Copyedit (line by line)
A copyedit includes the elements of a proofread, but it also focuses on style, continuity, word choice, clarity, redundancies, and clichés. I don’t change the meaning, but I look for ways to improve the writing. In nonfiction, I check to see if sources are cited for statistics and quotations. In fiction, I look for inconsistencies in point of view and tense.
A proofread will catch errors in spelling, capitalization, punctuation, basic grammar, inconsistent format, typos, and word usage (such as further vs. farther).
Gail: How can I find a reputable editor?
- Choose an editor who is knowledgeable about your genre and industry guidelines.
Just as different techniques are used in writing each genre, different skills are needed for editing each one. In some ways, nonfiction is very different from working on fiction. If you’ve written a novel, please don’t hire an editor who strictly reads and edits nonfiction.
- Make sure the editor uses professional style guides.
The industry uses the following books as guidelines/rules when it comes to grammar, spelling, capitalization, hyphenating, punctuation, formatting, and almost anything else associated with publishing.
The Chicago Manual of Style
The Christian Writer’s Manual of Style
AP Stylebook (used in journalism)
The Merriam Webster Dictionary
- Visit the editor’s website.
You’ll get a feel for the editor’s personality, background, affiliations, and be able to read any endorsements from clients.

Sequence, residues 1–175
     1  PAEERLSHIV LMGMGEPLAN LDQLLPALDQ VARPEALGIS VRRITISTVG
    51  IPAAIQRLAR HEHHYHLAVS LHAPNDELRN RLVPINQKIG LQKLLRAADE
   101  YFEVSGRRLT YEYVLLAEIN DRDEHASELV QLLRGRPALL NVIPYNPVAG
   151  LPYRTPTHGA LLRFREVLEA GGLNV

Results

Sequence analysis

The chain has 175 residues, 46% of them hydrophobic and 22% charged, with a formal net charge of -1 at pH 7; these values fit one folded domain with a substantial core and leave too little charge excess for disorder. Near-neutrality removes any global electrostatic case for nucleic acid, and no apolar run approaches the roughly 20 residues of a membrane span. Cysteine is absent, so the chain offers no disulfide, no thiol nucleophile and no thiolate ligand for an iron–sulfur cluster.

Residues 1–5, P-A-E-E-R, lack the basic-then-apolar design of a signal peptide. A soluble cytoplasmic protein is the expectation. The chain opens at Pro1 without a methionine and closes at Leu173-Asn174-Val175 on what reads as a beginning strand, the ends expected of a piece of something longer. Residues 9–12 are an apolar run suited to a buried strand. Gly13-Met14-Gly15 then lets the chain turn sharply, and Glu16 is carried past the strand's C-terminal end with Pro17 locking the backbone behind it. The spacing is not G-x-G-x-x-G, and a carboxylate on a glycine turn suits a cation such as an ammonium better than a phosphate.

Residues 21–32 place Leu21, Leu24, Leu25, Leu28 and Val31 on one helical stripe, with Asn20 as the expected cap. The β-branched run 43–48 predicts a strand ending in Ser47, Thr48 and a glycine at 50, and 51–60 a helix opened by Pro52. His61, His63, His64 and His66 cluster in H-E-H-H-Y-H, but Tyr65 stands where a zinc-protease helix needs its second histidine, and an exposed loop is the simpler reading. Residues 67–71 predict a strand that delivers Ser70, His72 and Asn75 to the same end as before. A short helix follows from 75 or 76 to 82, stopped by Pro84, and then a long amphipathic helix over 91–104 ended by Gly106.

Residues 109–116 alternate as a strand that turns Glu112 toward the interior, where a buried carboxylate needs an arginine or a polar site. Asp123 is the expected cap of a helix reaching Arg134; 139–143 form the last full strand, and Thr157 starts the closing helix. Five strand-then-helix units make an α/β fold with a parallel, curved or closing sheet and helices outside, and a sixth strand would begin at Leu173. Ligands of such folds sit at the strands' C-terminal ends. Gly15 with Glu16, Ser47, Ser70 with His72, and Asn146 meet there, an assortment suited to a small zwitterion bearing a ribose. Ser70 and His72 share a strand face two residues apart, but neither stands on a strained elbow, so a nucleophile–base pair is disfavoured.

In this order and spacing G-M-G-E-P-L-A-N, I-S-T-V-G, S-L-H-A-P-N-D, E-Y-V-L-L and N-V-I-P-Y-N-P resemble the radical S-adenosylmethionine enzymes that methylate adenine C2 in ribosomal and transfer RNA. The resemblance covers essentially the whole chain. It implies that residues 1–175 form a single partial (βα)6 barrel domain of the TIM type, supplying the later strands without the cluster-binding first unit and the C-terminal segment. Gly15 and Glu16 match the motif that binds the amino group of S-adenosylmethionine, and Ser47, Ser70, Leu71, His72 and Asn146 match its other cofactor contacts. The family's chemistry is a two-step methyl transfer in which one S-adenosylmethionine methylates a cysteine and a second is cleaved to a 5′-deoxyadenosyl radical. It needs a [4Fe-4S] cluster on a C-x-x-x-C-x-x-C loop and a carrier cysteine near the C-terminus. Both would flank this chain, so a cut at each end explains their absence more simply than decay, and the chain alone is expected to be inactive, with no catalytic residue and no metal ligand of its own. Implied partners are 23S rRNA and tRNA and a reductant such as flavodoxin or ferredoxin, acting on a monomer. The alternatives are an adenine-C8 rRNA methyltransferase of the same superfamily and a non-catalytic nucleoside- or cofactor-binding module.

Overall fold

- Ask for referrals.
You may ask other authors for referrals, and you may also ask the editor if you can contact the editor’s clients.
- Contact professional organizations for writers.
If you belong to local groups for writers, ask other members if they’ve hired a freelance editor or if they know of someone who edits professionally.
I’m a member of the Northwest Christian Writers Association and American Christian Fiction Writers (ACFW). Both organizations include a list of freelance editors on their websites.
- Contact the Christian Editor Connection (CEC)
A great way to find an editor is to contact the Christian Editor Connection (CEC). I’m a member of this national organization of freelance editors and proofreaders. In order to be accepted into this group, editors must pass a series of proficiency tests.
By visiting this organization online (https://christianeditor.com/), you have the opportunity to connect with qualified editors.
You fill out a form and provide information on your project, your contact information, your preferred timeline, and how many editors you’d like to hear from (2-5 seems to be the average). That information is sent out to editors interested in working on that type of genre in fiction or nonfiction. They contact you through e-mail, and if you decide to hire someone, you and that editor work directly with each other. There’s no fee for submitting a request, and there’s no obligation to hire anyone.
Gail: What is the going rate for an editor?
Fees vary depending on the type of work requested and the editor’s experience.